We were recently contacted with information about this interesting archaeological project:
"The project’s research focuses on a major, hitherto overlooked, and very long-lived ancient Maya city located in the heart of the seminal Southern Maya Zone (SMZ). At an elevation of from 550-1000 m HAE, Chocolá is located in the upper limits of the piedmont or Bocacosta of southwestern Guatemala. The remains represent an ancient city or of associated communities extending conceivably through 6 by 4 kilometers or more than 9 square miles.
Our research has been motivated to investigate, in general, the origins of Maya civilization and, particularly, the material and social-historical processes we hypothesize underlay early developments at Chocolá and as this city participated in seminal events in the Southern Maya area, including the development of Maya hieroglyphic writing, sacred governance, urbanism, and core Maya ideology. Formal research perspectives include ethnic processes, including Maya or proto-Maya/Mixe-Zoque ("Olmec") interaction, the construction of a Maya identity, core-periphery economic systems, sophisticated hydraulics, and intensive cultivation and long-distance monopoly trade in cacao, a commodity of great importance throughout ancient Mesoamerica.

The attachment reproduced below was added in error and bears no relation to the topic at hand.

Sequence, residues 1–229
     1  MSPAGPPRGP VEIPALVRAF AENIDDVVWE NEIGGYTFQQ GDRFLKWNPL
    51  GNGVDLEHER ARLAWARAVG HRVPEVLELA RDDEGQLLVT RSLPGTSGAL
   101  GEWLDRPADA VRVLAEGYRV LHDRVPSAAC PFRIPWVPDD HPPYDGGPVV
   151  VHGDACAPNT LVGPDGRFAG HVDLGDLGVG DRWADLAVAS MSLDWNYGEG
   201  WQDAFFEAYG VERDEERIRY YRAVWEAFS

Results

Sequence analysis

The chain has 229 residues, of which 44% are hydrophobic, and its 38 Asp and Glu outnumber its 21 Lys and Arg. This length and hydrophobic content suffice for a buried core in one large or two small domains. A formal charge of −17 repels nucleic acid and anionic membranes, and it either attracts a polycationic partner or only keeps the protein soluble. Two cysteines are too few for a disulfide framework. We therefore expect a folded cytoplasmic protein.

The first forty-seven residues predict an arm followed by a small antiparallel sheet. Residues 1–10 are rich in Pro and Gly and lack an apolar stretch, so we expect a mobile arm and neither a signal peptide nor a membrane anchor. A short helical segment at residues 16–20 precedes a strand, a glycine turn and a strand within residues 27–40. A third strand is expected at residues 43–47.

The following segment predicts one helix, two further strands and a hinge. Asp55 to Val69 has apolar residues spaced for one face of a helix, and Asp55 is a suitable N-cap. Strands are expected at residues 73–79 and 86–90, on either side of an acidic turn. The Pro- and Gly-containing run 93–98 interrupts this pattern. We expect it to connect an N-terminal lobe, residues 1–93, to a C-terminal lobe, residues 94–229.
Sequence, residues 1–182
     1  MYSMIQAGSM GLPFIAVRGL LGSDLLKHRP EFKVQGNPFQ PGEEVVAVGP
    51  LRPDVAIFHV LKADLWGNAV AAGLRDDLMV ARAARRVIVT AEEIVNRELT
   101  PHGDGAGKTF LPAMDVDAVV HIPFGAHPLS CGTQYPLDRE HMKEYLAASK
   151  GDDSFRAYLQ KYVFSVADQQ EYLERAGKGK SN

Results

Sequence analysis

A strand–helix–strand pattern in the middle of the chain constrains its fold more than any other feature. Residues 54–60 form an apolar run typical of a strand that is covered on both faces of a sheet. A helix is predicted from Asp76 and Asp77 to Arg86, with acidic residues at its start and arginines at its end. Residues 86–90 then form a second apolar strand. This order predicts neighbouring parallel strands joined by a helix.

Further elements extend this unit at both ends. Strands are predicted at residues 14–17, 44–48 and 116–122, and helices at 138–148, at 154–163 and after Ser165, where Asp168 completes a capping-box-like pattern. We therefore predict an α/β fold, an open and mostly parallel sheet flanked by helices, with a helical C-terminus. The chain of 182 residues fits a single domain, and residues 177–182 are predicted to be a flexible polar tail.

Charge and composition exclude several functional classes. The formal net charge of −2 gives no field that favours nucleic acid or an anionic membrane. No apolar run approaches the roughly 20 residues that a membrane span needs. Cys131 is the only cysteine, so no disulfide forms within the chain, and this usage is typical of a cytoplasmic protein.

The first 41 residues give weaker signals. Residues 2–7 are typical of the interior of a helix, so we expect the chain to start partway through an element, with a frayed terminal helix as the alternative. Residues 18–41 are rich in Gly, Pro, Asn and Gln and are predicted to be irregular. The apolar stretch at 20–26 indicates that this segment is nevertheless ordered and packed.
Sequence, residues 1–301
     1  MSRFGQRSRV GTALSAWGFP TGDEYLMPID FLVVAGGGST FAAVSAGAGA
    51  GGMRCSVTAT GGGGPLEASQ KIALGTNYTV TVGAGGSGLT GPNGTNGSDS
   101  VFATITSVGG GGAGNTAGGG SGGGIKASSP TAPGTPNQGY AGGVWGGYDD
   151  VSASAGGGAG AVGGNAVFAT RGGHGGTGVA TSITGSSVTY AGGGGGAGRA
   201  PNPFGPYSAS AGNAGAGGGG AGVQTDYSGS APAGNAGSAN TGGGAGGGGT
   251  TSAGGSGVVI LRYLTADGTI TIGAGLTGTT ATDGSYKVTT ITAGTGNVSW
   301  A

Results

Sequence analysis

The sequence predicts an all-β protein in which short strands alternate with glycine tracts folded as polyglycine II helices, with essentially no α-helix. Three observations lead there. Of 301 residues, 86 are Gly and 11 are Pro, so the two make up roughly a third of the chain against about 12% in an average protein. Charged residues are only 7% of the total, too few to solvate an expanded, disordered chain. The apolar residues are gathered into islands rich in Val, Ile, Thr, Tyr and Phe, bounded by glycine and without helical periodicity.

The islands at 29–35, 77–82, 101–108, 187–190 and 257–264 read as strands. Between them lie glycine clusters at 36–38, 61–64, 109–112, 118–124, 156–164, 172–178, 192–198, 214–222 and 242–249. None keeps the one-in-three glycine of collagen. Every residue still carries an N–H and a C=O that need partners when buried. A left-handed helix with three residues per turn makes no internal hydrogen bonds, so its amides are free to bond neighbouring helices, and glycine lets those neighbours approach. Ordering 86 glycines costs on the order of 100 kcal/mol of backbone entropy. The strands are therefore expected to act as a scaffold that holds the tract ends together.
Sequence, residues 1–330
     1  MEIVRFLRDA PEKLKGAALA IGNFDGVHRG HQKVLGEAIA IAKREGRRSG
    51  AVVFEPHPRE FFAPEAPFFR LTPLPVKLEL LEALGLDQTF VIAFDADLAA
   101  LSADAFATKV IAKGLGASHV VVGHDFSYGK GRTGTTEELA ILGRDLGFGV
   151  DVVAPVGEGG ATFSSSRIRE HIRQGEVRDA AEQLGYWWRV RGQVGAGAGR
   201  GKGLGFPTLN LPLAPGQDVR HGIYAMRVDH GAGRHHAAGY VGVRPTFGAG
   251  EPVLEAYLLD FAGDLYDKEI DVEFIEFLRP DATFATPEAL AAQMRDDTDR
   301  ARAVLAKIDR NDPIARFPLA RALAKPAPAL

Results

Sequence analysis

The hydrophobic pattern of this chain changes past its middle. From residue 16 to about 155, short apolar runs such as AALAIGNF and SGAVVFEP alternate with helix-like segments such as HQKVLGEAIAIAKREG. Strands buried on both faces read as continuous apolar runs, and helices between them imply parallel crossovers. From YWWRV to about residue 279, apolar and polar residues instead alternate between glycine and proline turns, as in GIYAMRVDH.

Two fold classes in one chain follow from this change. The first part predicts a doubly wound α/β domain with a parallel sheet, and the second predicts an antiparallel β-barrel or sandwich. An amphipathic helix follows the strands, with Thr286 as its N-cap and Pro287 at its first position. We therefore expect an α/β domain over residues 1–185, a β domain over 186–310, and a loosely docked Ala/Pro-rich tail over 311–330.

The project employs approximately 100 local persons, and oversees the advanced study of several graduate students from universities in the United States, Great Britain, France, Australia, and Germany as well as many students from Guatemalan universities. Through three seasons (2003-2005), the project has benefited from the assistance 159 Earthwatch (www.earthwatch.org) volunteers, and is anticipating a substantial number in 2006, to assist with essential tasks of reconnaissance, mapping, screening, washing, and marking. Dissemination of results for the benefit of scholarly colleagues will continue in the form of professional papers published and results presented at major venues for Maya and wider anthropological research, and of popular articles and television documentaries.
A more detailed treatment of the Chocolá Archaeological Project’s 2004 results is available in Spanish on the FAMSI (Fundacion para el Avance de los Estudios Mesoamericanos) web site."